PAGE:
The six-minute walk test (6WT) has been proposed to be a submaximal test, but could actually demand a high level of exercise intensity from the patient, expressed by a respiratory quotient >1.0, following the guideline recommendations. Standardizing the 6WT using the Borg scale was proposed to make sure that all patients undergo a submaximal walking test.
To test the reproducibility of the six-minute treadmill cardiopulmonary walk test (6CWT) using the Borg scale and to make sure that all patients undergo a submaximal test.
Twenty-three male heart failure patients (50±9 years) were included; these patients had both ischemic (5) and non-ischemic (18) heart failure with a left ventricle ejection fraction of 23±7%, were diagnosed as functional class NYHA II-III and were undergoing optimized drug therapy. Patients were guided to walk at a pace between “relatively easy and slightly tiring” (11 and 13 on Borg scale). The 6CWT using the Borg scale was performed two times on a treadmill with zero inclination and patient control of speed with an interval of 24 hours. During the sixth minute, we analyzed ventilation (VE, L/min), respiratory quotient, Oxygen consumption (VO2, ml/kg/min), VE/VCO2 slope, heart rate (HR, bpm), systolic blood pressure (SBP, mmHg), diastolic (DBP, mmHg) blood pressure and distance.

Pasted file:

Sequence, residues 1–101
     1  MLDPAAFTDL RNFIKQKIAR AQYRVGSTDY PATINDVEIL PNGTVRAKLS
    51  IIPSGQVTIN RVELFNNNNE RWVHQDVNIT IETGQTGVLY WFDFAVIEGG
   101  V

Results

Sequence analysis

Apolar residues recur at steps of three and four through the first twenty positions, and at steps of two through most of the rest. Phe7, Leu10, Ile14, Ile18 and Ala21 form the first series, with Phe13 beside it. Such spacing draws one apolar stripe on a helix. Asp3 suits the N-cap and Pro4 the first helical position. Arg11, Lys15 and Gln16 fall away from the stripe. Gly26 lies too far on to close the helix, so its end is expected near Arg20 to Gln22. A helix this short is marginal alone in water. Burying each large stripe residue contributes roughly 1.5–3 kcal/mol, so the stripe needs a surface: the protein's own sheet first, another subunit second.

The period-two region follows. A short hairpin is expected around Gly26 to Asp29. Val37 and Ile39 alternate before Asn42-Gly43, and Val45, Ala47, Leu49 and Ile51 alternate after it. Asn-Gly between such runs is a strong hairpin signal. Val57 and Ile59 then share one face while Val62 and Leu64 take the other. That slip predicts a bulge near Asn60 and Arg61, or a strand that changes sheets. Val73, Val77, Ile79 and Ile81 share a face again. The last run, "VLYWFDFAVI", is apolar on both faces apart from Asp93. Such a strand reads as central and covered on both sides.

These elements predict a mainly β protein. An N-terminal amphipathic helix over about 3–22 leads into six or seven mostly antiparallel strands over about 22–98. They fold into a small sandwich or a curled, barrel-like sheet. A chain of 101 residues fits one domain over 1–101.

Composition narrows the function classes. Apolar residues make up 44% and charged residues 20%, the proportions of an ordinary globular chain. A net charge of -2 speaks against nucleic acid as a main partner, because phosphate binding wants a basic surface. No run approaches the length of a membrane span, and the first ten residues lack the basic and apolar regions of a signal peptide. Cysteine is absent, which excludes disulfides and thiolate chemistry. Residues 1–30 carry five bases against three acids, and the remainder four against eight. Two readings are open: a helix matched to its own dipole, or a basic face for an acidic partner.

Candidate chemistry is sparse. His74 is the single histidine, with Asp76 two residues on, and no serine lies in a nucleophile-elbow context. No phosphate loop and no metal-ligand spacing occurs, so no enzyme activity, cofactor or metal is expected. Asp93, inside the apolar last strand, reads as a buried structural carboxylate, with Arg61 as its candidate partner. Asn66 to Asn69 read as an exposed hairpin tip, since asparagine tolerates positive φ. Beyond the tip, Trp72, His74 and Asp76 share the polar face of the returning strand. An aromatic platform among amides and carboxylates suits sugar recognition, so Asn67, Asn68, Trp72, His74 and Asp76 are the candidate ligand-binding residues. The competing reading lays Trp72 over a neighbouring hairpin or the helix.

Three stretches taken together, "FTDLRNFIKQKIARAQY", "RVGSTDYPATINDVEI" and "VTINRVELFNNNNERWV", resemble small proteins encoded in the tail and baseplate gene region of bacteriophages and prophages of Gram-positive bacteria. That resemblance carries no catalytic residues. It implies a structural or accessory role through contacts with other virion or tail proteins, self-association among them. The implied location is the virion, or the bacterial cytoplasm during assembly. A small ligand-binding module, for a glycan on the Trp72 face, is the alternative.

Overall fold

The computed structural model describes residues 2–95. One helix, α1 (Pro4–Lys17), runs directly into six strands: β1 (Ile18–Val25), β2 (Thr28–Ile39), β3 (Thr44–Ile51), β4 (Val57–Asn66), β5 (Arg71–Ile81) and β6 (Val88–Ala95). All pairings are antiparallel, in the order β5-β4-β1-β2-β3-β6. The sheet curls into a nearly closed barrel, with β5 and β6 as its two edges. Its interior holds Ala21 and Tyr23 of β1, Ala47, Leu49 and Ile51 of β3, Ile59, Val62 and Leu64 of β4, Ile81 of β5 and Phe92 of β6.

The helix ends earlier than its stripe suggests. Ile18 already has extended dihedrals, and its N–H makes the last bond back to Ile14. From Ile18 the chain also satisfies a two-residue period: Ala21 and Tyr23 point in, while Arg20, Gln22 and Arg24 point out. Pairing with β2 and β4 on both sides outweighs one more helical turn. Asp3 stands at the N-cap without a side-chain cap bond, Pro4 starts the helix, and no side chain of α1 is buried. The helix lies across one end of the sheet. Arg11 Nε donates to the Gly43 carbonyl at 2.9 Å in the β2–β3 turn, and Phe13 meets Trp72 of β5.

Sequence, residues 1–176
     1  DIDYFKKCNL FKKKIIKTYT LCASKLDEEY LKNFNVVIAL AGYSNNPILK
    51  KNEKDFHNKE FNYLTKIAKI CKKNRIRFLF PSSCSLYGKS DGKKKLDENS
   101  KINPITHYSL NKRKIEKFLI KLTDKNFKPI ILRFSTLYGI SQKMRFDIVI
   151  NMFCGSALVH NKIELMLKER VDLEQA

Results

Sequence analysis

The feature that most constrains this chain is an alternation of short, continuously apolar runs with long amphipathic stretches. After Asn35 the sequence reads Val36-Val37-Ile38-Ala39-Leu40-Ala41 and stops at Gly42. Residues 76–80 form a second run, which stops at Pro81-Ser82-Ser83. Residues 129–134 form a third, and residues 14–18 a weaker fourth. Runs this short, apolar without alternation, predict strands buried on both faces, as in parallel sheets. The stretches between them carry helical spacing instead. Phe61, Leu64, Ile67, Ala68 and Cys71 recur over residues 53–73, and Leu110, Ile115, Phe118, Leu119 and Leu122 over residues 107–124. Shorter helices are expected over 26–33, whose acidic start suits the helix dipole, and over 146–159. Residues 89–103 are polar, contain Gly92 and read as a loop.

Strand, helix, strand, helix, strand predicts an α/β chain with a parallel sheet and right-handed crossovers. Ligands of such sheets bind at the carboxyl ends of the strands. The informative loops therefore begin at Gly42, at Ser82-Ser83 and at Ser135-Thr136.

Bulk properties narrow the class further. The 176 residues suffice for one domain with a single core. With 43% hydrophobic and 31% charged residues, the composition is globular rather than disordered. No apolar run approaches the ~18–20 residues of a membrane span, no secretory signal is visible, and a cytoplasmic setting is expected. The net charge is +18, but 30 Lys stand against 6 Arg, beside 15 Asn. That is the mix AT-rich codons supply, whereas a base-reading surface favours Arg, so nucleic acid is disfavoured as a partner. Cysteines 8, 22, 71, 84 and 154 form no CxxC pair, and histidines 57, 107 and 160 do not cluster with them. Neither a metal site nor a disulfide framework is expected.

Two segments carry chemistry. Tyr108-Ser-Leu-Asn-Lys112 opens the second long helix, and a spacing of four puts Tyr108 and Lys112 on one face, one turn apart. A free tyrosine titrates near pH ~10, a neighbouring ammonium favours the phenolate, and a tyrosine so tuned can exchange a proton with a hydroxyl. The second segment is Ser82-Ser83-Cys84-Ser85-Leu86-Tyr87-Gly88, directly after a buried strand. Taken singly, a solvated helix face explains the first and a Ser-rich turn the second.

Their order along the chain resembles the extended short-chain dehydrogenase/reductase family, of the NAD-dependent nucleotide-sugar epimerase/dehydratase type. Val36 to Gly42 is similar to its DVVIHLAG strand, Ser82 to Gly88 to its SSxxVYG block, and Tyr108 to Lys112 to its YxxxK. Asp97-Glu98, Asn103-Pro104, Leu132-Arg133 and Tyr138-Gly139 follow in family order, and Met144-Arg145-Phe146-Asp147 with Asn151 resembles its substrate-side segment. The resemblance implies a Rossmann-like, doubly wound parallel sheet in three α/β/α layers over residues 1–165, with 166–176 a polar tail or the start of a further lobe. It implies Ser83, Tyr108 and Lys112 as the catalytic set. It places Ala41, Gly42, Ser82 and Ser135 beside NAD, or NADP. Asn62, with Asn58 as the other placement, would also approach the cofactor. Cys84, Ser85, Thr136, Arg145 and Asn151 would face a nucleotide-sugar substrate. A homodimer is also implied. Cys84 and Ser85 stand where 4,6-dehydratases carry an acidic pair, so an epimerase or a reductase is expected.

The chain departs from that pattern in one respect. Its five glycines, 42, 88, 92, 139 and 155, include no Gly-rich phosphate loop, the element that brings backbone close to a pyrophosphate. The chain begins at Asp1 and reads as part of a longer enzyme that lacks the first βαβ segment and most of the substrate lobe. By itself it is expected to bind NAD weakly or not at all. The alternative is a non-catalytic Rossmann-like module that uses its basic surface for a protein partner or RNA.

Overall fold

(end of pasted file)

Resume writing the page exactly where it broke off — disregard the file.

The intraclass correlation coefficients at the sixth minute were: HR (ri=0.96, p<0.0001), VE (ri=0.84, p<0.0001), SBP (ri=0.72, p=0.001), distance (ri=0.88, p<0.0001), VO2 (ri=0.92, p<0.0001), SlopeVE/VCO2 (ri=0.86, p<0.0001) and RQ<1 (ri=0.6, p=0.004).
Using the 6CWT with the Borg scale was reproducible, and it seems to be an appropriate method to evaluate the functional capacity of heart failure patients while making sure that they undergo a submaximal walking test.